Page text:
Three nonprofit news organizations, the Center for Investigative Reporting, the Center for Public Integrity, and ProPublica, will each receive $3 million in support of their efforts to ensure that journalists have the resources they need to meet the reporting challenges posed by the current political environment. The two organizations also awarded a grant of $500,000 to the Investigative Reporting Workshop at American University to expand accountability reporting collaborations involving university students and professional journalists, and a grant of $275,000 to New York University professor Jay Rosen and De Correspondent for a collaboration that will test new models of community support for investigative reporting.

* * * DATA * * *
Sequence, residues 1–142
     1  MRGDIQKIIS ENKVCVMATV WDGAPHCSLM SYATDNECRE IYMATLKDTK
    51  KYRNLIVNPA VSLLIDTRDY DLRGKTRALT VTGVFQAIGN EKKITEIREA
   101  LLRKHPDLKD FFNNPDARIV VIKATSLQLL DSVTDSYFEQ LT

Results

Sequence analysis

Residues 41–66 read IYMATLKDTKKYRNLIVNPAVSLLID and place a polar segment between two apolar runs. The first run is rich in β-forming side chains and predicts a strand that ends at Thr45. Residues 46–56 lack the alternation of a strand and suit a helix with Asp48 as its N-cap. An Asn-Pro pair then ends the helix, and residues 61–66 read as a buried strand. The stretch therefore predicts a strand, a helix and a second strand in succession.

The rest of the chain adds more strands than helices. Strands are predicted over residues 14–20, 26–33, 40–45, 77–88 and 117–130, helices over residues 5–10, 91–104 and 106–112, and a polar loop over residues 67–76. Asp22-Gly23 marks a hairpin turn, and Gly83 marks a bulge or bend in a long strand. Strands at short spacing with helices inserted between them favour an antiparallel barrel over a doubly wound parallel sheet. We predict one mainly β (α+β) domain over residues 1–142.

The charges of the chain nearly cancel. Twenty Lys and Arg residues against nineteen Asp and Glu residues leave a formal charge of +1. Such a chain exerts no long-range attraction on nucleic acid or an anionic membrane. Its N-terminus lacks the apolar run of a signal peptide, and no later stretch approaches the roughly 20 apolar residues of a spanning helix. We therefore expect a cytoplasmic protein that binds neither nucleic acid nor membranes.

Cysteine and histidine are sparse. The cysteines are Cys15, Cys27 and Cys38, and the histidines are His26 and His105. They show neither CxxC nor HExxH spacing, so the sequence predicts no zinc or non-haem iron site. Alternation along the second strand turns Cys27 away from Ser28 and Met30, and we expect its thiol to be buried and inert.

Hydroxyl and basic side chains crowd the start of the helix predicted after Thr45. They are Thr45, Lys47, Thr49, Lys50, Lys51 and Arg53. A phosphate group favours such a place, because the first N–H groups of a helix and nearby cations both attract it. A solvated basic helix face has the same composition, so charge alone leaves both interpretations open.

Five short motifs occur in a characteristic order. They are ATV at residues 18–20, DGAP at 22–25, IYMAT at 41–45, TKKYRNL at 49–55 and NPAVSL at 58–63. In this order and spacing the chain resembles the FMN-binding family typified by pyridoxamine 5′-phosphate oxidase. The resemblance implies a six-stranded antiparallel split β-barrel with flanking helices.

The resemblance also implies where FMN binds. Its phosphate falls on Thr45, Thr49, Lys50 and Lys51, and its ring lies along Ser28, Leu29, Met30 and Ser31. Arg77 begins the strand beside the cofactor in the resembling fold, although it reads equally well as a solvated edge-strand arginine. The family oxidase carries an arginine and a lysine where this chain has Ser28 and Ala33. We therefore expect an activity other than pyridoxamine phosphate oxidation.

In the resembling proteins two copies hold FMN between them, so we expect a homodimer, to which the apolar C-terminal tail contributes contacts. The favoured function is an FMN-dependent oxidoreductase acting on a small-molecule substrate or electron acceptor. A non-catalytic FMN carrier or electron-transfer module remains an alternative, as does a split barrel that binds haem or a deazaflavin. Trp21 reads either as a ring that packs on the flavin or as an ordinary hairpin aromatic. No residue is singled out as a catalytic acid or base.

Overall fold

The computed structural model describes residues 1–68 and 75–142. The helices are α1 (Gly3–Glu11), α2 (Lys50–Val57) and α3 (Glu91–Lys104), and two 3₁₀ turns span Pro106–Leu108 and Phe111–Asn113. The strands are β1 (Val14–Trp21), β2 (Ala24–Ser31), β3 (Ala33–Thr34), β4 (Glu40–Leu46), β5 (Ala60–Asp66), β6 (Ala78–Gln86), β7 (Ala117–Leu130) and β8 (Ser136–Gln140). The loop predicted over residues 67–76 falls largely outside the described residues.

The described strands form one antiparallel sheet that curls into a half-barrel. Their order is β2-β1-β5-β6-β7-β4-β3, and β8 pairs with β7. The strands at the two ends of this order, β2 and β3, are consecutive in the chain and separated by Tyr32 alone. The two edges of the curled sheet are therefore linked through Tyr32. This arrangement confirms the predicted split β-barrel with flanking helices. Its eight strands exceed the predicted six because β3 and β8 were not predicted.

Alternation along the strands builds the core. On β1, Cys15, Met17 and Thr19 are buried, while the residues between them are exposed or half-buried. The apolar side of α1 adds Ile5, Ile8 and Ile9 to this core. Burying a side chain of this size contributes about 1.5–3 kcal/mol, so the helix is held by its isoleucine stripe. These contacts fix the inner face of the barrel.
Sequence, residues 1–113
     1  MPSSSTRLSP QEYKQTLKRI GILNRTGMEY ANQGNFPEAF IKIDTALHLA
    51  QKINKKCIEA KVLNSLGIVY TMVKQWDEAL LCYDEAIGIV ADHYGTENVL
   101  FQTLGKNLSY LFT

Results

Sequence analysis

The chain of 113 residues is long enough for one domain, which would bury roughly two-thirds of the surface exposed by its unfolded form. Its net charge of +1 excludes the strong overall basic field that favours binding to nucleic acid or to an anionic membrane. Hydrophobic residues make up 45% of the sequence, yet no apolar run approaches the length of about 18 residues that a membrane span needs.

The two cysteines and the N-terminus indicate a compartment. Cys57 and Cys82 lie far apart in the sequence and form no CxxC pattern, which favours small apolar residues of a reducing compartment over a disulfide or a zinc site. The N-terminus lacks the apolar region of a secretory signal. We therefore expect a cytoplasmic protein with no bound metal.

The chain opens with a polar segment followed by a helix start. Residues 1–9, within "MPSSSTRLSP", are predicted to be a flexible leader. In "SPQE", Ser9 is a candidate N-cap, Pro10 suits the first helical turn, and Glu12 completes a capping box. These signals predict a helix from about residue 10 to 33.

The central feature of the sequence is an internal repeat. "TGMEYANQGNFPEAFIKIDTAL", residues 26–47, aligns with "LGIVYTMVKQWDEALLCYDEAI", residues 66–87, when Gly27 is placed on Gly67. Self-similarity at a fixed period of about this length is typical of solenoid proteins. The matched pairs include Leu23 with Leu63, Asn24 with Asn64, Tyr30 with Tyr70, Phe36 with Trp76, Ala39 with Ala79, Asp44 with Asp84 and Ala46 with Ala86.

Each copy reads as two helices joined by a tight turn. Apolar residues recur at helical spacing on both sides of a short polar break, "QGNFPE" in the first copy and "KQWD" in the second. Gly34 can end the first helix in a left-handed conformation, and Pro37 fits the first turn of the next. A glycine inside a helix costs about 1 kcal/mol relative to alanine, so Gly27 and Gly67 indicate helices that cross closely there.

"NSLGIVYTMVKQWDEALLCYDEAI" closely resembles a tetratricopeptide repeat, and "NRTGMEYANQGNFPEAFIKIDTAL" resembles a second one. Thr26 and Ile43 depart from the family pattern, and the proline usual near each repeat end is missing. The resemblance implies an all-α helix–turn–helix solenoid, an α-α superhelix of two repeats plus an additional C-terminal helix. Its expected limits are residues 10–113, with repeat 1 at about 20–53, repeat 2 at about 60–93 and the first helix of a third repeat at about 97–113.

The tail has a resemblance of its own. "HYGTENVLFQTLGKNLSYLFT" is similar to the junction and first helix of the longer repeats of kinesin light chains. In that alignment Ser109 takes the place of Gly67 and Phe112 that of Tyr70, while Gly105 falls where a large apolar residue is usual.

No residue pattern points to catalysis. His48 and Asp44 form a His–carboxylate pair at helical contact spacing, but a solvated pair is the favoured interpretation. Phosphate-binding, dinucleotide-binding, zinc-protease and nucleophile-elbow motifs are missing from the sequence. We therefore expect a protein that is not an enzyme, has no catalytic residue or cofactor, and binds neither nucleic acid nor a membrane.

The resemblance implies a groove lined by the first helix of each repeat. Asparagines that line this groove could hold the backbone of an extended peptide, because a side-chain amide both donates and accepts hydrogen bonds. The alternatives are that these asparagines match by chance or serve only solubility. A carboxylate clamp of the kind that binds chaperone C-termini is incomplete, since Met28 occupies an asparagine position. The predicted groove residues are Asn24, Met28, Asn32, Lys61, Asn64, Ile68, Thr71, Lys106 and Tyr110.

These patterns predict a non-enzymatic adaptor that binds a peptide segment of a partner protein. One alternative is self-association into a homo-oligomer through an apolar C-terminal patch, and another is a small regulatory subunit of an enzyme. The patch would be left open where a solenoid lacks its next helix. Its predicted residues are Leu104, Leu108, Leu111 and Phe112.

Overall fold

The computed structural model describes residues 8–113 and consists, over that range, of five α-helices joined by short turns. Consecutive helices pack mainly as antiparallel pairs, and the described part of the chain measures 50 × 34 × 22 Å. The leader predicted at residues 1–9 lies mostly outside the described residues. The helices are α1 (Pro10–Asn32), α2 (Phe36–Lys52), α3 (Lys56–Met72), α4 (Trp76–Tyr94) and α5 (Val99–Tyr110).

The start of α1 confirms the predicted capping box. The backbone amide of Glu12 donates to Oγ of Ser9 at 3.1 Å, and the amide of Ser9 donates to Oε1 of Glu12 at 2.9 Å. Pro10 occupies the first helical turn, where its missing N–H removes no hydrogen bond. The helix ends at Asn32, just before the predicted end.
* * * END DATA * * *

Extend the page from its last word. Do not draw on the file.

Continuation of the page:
On its own, the Democracy Fund announced a grant of $800,000 to the Reporters Committee for Freedom of the Press to help ensure that investigative journalists have the First Amendment protections and legal support they need to pursue their work, and a $200,000 grant to the Knight Prototype Fund. And, building on its ongoing commitment to transforming local news, the organization announced an initial investment of $1 million in a new fund for local and state investigative reporting and issued a call to other funders to join it in building the resource.
"A healthy democracy cannot exist without a vibrant public square in which hard-hitting, independent media inform the public and hold power accountable," said Democracy Fund president Joe Goldman. "Investigative journalists play a crucial role in our political system. We hope this support extends the reach and depth of a remarkable set of nonprofit newsrooms at a pivotal moment in American history."